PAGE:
Bicester Heritage celebrate the success of a hugely popular Brightwells Auctioneers and Valuers event – the biggest auction to take place at the former RAF Bomber Training Station to date and the third of 2017.
The Oxfordshire site welcomed hundreds of visitors to the events space, Hangar 113, for their chance to bid on the 105 cars which all went under the hammer, with interested parties also getting in on the action from around the world – including in Abu Dhabi and Australia.
A vast range of models meant there was something for everybody at Bicester Heritage – from a 1907 Rover 8 to a 1937 Alvis 4.3 and even a 2001 Mercedes AMG C32 Estate – and 70% of the lot found new homes.
Brightwells oversaw £1.4 million worth of sales on the day, with pre-war cars seeing an especially fruitful return – achieving an impressive 87% sales rate – and British sports cars in the shape of Jaguar E-Types and rare MGs also proving very popular.
As the heartbeat of the historic motoring industry, Bicester Heritage is the perfect site for hosting Brightwells’ auctions and its sterling reputation ensured the right customers came through the gates to sample the action.
Bicester Heritage has hosted three auctions in 2017 since joining forces with Brightwells, all of which have proved hugely successful and accumulated millions of pounds worth of sales, adding another area of interest to this multifaceted automotive destination.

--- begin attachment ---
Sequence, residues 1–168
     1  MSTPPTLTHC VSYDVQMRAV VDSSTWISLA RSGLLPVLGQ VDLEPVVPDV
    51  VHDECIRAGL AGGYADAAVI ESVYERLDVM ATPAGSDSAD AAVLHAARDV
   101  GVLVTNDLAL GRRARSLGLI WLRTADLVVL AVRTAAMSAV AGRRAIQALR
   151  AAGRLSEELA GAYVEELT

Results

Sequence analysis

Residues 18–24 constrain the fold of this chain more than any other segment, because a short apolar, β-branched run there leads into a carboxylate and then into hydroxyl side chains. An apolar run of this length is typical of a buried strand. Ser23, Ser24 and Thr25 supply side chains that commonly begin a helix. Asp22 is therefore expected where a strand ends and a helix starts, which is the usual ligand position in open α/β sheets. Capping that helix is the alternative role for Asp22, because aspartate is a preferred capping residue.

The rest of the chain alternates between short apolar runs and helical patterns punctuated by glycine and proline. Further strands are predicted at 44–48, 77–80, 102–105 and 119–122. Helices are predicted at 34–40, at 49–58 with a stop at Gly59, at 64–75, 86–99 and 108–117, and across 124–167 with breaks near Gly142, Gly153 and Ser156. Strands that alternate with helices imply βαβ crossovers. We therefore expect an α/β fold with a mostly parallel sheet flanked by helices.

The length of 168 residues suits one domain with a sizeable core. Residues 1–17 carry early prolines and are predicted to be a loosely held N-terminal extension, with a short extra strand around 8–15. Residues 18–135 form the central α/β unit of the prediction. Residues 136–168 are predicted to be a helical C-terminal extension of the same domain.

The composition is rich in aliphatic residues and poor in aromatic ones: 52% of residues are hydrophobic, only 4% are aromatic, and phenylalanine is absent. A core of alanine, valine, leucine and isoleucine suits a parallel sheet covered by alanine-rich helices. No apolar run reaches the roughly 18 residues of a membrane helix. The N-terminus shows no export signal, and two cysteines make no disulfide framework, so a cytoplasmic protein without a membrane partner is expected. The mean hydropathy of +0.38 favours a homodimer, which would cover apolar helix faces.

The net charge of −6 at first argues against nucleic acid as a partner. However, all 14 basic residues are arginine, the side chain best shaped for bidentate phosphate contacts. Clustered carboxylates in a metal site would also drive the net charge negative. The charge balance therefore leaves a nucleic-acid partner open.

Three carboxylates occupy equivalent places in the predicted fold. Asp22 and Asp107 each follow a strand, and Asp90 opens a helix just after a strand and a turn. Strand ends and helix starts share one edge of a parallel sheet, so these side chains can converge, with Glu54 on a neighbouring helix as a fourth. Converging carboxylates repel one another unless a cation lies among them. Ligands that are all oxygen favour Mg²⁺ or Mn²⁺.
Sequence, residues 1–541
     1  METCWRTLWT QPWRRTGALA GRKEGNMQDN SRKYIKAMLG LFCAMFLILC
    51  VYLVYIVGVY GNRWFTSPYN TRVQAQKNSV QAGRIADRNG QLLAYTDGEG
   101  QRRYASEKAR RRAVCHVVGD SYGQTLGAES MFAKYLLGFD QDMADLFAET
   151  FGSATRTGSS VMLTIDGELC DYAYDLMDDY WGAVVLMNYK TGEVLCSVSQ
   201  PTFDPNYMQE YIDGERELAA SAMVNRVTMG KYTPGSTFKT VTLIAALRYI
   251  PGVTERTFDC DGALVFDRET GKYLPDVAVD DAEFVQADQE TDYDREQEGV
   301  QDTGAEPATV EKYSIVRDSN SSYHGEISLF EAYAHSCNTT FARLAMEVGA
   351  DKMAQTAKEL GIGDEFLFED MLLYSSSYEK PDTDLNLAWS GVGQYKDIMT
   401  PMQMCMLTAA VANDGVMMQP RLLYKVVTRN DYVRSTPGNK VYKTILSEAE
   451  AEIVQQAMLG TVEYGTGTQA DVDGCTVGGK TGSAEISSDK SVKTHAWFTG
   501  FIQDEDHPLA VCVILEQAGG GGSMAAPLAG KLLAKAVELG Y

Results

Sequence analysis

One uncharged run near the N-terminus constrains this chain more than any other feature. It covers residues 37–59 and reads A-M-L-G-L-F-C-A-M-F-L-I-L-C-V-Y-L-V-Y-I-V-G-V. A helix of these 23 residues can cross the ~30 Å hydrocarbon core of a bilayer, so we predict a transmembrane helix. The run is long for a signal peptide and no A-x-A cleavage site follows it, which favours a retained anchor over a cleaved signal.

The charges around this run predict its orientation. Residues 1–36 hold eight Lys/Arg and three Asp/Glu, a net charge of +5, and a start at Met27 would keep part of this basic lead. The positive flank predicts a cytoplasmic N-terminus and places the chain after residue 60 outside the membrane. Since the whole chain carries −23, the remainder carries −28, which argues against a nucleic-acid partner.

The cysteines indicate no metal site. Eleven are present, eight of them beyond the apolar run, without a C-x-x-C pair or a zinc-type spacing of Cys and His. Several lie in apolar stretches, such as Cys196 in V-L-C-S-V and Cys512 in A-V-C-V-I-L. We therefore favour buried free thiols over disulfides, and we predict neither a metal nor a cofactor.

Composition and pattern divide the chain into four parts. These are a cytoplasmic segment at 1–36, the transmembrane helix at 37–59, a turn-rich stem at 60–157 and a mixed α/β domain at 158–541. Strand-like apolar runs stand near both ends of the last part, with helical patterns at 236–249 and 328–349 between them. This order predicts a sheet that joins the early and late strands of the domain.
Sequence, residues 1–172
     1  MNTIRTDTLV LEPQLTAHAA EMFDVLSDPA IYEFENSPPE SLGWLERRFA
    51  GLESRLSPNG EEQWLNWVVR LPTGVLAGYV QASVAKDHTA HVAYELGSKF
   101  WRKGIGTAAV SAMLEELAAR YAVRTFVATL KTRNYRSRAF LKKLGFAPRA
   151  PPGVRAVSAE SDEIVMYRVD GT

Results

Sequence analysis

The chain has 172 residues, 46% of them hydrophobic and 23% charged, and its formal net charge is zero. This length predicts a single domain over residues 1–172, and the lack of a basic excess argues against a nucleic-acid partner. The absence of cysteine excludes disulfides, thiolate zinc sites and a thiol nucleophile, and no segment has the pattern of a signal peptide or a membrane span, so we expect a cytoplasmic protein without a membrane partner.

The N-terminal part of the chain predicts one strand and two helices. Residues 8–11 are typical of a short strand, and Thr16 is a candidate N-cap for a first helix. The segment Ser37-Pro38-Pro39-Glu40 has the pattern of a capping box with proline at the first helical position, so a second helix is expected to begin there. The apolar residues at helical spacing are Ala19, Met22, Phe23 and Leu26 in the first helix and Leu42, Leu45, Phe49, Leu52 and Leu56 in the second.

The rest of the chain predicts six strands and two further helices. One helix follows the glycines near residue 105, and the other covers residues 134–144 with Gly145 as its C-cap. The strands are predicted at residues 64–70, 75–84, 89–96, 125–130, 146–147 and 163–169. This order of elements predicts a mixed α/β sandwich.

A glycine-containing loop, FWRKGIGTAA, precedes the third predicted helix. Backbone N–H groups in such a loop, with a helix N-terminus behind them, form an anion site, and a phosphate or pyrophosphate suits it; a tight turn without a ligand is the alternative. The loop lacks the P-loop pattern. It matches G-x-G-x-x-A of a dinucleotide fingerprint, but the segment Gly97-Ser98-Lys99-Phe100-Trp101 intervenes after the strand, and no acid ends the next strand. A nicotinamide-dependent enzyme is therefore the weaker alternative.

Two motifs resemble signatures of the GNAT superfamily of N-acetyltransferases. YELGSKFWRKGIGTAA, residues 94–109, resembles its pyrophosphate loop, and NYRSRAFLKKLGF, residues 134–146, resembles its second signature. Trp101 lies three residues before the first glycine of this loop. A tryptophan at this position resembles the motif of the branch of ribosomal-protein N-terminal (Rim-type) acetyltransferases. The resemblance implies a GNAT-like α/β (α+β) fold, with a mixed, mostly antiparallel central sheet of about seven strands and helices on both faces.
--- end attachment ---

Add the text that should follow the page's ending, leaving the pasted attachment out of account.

The highest seller of the third and final auction of the year was a 1976 Ferrari 308 GTB Vetroresina, which was one of only 154 fibreglass-bodied cars made in RHD.
It boasted just 51,500 miles on the clock and an excellent service history, so it was little surprise that it was the subject of something of a bidding war – eventually topping out at £134,200.
Elsewhere, one of the finest examples of the Mini Cooper S Mk1 was captured by a collector for £37,400, too, while a beautifully restored and stunning-looking 1961 Jaguar MkII 3.8 Automatic sold for £28,600 – a fraction of its restoration price.
Other rare models going under the hammer included an International High Wheeler – a well-engineered and beautifully restored cross between a horse and cart and early motor car – which sold for £37,400.
Despite its comparatively modern stance, the 2001 Mercedes AMG C32 Estate caught plenty of attention when it took to the stand. The estate holds the UK land speed record for cars of between three and four litres – recorded at Pendine Sands in September this year. It sold above its estimate for £4,500.
Dan Geoghegan, Managing Director of Bicester Heritage, said:
“A one-acre WW2 hangar seems the perfect environment for an auction with both the viewing and sales days packed with people. The buzz was very noticeable with excellent results accordingly, Brightwells are clearly going from strength to strength at Bicester.”
Brightwells Consultant, Matthew Parkin, added:
“We were delighted with both the entry and the sales result for what is in effect a brand-new venture for Brightwells. Bicester Heritage continues to draw in a new and enthusiastic crowd for us and we are well on the way to establishing our Bicester sales as a regular calendar fixture. Although we remain very good at dealing with sports and classic cars from the 1950s onwards, our experience and perhaps the location at Bicester Heritage has allowed us to build our strengths in the pre-war sector, which is something that we both enjoy and understand very well. As always it is quality that sells best, but we aren’t shy of offering a wide range of vehicles, as long as it is interesting and quirky.”